- Dorothy Brooke (b.1518)
- Elisabeth Brooke (25 June 1526- 2 April 1565), married bigamously William Parr, 1st Marquess of Northampton, while he was still wed to Anne Bourchier, 7th Baroness Bourchier.
- Sir William Brooke, 10th Baron Cobham (1 November 1527- 6 March 1597), married firstly, Dorothy Neville, by whom he had one daughter; and secondly in 1560, Frances Newton, one of Queen Elizabeth I's Ladies of the Bedchamber by whom he had seven children.
- Catherine Brooke (b.c.1527), married John Jerningham, by whom she had issue.
- George Brooke (27 January 1533 – 1570), married Christiana Duke, sole daughter and heiress (of his unsettled lands) of Richard Duke (c.1515-1572), MP, of Otterton, Devon, by whom he had issue Duke Brooke and Peter Brooke.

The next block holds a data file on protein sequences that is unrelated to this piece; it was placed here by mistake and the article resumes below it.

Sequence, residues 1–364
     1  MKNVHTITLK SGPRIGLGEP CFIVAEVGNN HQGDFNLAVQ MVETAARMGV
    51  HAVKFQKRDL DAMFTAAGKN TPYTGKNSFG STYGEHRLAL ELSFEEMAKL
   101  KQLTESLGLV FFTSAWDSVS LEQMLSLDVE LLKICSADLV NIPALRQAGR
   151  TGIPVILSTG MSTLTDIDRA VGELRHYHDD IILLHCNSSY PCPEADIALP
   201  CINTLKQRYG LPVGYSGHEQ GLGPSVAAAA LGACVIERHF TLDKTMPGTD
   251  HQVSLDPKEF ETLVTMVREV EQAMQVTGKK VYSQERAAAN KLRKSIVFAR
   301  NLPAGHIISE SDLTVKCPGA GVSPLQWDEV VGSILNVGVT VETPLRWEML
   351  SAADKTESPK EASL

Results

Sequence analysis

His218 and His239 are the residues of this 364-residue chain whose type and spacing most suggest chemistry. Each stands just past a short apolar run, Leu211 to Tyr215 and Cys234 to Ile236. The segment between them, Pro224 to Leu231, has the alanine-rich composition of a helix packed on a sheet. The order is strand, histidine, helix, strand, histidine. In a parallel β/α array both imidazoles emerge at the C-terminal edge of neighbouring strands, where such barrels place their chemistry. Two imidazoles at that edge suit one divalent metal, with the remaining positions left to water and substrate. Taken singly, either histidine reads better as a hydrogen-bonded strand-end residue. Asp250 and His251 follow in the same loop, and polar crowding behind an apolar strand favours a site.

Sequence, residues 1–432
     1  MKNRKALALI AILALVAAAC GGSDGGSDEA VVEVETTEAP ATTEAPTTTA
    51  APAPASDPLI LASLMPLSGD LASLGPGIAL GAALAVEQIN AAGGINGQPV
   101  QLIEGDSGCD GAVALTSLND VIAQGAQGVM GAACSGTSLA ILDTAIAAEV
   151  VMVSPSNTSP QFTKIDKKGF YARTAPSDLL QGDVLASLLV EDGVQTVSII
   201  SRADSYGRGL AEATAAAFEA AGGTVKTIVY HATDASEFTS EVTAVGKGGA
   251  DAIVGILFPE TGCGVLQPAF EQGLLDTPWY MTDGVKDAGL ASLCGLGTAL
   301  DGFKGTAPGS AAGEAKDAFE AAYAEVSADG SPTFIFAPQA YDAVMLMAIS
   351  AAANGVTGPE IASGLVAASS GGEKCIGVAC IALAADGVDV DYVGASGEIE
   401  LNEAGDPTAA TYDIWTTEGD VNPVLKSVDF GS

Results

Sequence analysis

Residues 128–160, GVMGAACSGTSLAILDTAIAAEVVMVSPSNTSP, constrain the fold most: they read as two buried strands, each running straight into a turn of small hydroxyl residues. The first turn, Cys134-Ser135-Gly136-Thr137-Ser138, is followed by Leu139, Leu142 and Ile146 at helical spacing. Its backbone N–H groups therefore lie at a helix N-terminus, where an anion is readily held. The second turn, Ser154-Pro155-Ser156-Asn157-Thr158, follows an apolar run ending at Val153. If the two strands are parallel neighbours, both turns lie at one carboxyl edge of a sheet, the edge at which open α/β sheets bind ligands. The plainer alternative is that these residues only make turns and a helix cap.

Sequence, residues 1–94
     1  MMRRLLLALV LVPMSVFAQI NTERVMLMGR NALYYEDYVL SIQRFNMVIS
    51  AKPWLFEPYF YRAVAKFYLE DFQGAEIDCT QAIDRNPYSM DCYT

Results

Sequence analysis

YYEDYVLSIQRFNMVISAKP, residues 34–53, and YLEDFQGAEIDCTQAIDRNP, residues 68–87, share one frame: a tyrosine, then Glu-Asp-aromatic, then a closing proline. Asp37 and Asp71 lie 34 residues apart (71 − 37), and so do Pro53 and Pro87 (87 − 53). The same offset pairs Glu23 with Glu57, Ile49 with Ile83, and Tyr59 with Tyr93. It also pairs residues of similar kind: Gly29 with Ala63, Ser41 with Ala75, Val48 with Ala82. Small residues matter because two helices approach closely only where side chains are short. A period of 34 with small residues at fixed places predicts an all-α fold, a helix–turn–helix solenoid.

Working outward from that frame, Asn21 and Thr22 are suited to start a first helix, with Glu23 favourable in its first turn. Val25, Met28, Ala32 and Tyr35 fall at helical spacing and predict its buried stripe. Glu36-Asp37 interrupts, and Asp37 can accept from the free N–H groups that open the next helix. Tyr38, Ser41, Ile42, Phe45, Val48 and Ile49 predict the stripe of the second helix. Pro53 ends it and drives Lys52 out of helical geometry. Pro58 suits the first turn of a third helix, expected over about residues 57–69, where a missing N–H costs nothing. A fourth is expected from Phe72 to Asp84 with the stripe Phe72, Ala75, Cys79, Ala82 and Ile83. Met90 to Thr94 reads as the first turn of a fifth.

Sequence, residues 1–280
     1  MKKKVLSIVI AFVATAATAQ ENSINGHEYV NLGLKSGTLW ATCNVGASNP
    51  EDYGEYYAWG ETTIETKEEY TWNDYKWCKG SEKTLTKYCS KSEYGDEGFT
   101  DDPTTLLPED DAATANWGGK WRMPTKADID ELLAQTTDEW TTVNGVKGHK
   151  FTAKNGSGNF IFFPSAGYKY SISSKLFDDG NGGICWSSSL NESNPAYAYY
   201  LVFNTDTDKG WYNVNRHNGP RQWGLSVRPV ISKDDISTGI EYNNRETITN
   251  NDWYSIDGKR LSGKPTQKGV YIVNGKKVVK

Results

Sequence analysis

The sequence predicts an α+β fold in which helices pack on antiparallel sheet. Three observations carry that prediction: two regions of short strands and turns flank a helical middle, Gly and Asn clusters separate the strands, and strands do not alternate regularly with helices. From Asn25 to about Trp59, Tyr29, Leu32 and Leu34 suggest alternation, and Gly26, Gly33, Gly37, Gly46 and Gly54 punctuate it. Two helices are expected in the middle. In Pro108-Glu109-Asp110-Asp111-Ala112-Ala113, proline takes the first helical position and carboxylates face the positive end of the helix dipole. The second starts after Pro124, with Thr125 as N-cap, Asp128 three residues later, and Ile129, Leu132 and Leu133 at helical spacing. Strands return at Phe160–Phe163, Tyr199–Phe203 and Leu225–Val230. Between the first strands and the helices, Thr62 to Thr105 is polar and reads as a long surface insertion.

- Thomas Brooke (1533–1578), married and had issue.
- John Brooke (22 April 1535 – 1594), by 1561 married Lady Alice Norton (alias Cobbe); widow of Sir John Norton of Northwood, Milton, Kent. They had no issue.
- Sir Henry Brooke (5 February 1537/1538- c. 1591 or January 1592), married Anne Sutton (- c. January 1611/1612), daughter of Sir Henry Sutton, from Nottinghamshire, by whom he had issue John Brooke, 1st Baron Cobham, Philippa Brooke (- c. September 1613, bur. Stockeston, Leicestershire, 28 September 1613), wife of Walter Calverley and Sir Thomas Burton, 1st Baronet, and Ann, wife of Edward Heron.
- "ThePeerage.com". Retrieved 6 February 2011.
- Douglas Richardson. Magna Carta Ancestry: A Study in Colonial and Medieval Families, 2nd Edition, 2011. pg 380-81.
- Douglas Richardson. Magna Carta Ancestry: A Study in Colonial and Medieval Families, 2nd Edition, 2011. pg 167.
- Richardson III 2011, pp. 206-7.
- The History of Parliament: the House of Commons 1558-1603, 'BROOKE, alias COBHAM, John (1535-94), of Newington, Kent.', ed. P.W. Hasler, 1981. History of Parliament Online.
|Peerage of England|